Wednesday, June 26, 2013

What snagged on the sunflowers: a love letter.

Fields and fields of sunflowers stretch away from my arms, out from the steering wheel, green and yellow nodding heads. They all say yes to this drive I'm learning so well from San Francisco to Chico and back and back and back again. They line the road in numbers I've never seen, rows next to rows making squares of beauty growing, watching that blue sky, neverminding those clouds.

I speed by over and over with my aching back, stiff arms, restless legs, impatience growing. But also ideas and emotions. Like steam rising from a pond in early morning, but imagine it in motion, a mist of ideas and feelings streaming off my watery body as I move from home to home, snagging on sunflowers and catching in the beaks of those black curvy-billed birds I've been seeing the past few days.

This idea of coyotes in my mural, a vision from under the black oak on the hill looking down over the farm and the grinding rock there. Those brokenhearted family feelings of letting go and getting ready to fight, like a cat bunching her haunches. Images of my new home and the creek that runs through it, the black walnuts towering over the little red house and the whirlwind of energy and doing that is my new roommate. More feelings around the massacre of the Maidu at the farm, and how it's actually more than that: everywhere I've lived has been stolen from someone. Remembering the grinding stones beneath my mother's house. The spring next door to my apartment and the shell mounds on the edges of San Francisco. Everywhere I live has been stolen unfairly from someone and this mural is just the first time I've really realized it viscerally and felt like I personally am part of the thieving and the benefitting from the theft. This desire to do what seems most like the right thing in each situation, such an impossible task but still trying anyway just because that's the person I want to be and that's the world I want to live in. The simple plain joy of eating a purple black plum ripe in my mouth as I drive and leave my mists hanging in the sunflower fields.  

And always traveling with me there's the thought of you and all this love between us. I want to share each day each thought each affirmative sunflower face most of all with with you. So I am. Like this.

Monday, June 24, 2013

Foothill Roots Farm Mural: Part 1

I'm going to paint a mural!! On this big blank shipping container:

Let me tell you more. My friends Diane and Pat have a new farm, Foothill Roots Farm (the astute reader [you] may have guessed this from the title of this blog post). The farm is in Meadow Vista, near Auburn, east of Sacramento in the Sierra Nevadas.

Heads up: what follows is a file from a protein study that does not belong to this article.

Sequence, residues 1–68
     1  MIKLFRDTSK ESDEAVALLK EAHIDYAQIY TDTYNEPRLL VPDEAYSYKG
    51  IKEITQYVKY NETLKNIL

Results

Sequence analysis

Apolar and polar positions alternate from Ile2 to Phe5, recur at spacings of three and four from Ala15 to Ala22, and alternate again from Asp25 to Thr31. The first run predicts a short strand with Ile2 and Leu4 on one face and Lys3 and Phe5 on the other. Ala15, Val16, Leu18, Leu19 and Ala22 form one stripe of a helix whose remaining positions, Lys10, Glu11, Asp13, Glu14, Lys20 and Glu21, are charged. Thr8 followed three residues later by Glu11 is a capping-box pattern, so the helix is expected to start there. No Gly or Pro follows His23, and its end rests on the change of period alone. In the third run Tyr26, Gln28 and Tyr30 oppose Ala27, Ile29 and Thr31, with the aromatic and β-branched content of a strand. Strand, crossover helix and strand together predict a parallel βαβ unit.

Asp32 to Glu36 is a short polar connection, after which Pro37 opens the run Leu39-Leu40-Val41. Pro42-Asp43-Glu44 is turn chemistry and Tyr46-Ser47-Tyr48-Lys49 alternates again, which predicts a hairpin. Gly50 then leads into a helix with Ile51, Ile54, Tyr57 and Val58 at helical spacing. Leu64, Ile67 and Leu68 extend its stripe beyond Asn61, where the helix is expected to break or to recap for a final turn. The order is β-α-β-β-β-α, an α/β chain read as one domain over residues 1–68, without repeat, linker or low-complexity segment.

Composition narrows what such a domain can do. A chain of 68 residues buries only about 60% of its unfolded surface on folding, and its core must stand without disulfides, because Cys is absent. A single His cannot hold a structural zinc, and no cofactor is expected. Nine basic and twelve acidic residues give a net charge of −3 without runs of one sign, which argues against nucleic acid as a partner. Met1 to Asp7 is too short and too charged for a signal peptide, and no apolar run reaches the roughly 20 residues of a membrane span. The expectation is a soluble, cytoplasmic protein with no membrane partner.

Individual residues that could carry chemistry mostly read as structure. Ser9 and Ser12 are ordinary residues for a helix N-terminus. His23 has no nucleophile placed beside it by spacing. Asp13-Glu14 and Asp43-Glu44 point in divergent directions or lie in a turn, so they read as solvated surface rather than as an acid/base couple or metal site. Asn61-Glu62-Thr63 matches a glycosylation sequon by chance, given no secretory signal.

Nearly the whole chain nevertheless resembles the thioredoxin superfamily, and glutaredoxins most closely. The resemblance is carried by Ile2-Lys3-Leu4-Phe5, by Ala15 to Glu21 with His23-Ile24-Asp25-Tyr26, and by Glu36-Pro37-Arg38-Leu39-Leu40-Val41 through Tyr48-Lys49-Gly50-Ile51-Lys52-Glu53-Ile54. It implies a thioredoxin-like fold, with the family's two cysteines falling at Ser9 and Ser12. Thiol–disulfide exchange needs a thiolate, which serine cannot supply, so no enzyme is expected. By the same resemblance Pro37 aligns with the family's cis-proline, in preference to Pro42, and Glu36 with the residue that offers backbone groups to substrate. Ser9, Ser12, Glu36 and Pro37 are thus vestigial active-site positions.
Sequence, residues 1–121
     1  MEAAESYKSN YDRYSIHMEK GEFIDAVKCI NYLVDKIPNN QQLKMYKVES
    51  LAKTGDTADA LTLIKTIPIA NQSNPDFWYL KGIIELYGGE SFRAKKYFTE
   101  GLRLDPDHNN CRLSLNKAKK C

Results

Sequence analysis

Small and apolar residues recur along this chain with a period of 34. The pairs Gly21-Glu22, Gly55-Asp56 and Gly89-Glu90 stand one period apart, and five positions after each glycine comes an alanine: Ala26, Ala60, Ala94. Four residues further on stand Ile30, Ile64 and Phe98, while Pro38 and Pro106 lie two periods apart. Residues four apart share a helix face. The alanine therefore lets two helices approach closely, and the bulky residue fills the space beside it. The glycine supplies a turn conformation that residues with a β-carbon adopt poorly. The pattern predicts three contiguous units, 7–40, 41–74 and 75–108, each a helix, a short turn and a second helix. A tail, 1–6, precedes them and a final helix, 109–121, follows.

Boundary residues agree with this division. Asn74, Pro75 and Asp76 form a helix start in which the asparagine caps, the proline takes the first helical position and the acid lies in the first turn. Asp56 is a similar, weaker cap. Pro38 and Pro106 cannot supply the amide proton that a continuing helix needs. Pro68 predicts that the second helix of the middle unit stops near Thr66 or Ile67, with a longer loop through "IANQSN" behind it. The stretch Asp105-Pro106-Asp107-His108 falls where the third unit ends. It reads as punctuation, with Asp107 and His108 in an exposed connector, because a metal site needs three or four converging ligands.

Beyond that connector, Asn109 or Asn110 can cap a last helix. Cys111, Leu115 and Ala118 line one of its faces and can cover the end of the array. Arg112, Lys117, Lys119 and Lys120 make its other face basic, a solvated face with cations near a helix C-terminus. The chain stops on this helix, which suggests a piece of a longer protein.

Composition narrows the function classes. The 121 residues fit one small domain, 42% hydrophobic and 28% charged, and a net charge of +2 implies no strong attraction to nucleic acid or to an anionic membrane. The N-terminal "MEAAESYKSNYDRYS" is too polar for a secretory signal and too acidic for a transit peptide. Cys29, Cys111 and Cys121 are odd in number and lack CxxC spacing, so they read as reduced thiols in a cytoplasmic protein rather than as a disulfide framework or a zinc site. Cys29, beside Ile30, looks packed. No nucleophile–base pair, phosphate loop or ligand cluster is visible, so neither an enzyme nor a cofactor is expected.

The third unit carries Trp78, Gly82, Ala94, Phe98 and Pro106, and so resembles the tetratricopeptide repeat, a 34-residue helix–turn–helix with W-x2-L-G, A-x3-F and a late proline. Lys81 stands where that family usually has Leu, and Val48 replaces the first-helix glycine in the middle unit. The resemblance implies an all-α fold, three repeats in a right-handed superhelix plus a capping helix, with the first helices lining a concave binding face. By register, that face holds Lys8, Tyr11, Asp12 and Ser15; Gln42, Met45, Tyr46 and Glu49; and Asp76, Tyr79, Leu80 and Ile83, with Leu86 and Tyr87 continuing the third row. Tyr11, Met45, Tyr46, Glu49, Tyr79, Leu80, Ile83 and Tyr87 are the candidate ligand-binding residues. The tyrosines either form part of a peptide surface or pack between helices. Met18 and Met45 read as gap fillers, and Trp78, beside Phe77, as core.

I got to visit the farm a couple of weeks ago. It's pretty wonderful. Diane is an old friend of mine- she has been one of my mentors in life and I owe a lot of my skills to her. In college, she'd always take me climbing and telemark skiing and was patient with all of my fears. In fact, she's the person who convinced me to apply to Outward Bound, which ended up being the best job ever. Anyway, she's awesome.

Diane and her husband Pat have now mostly left the world of climbing and skiing and outdoor education and have gotten in to that other adrenaline junky sport: farming. For real. They interned somewhere or other and learned a bunch of stuff and now they've started this farm in Meadow Vista.

What's amazing to me is how much work they have done. They just signed the lease on the land like 9 months ago and they already have a CSA going and a farm stand on Thursdays (3-7pm if you want to go by and buy something delicious to support them!). It's hard for me to understand how two people have done all this.

They've put up fencing, put down drip tape, put up a green house, cleared brush and grass, planted, furrowed, seedlinged, transplanted, thinned, covered, uncovered, mulched, and other things that I don't know the words for.

They've got this old tractor from the '50s that they've converted to solar power somehow.

Pat says, "we've converted this old tractor to solar power somehow!".
Just kidding, that's not what he's actually saying.

The day I was out there helping, there were two other people helping. Diane told me that
was the most help they'd had at one time.
They've had some help, in the two days I was there people kept dropping by to check things out and a couple people came by to volunteer. Apparently, if I'm remembering correctly, this is the first farm ever in Meadow Vista. From what I could tell, the community seems real excited and supportive of them being there.

"Farm on!"
(I'm not kidding, they were climbers before they were farmers.)

The farm is on the old Simpson Ranch and has some interesting history, past and present, which I'm still looking in to. I will write about that in another blog post. I'll also talk about the materials I'm going to use, the process of painting a 27'x8' mural, and brace yoursefl, I'll probably be asking you for money in every blog post!

I'm happy to paint this mural so I can learn experientially how to paint murals, get some exposure as an artist, support my friends and a good cause, and all that good stuff. Other than personal satisfaction and exposure, I'm not getting paid and am paying for supplies from my own pockets. Contact me if you'd like to get involved or want to help out with things like time, materials and/or money. It would be nice to be able to recover some of the costs. I'll write more details on costs in another blog post as well.

Thanks for reading! I'm excited to share this project with you on my blog as it unfolds! Feel free to share it with people you know!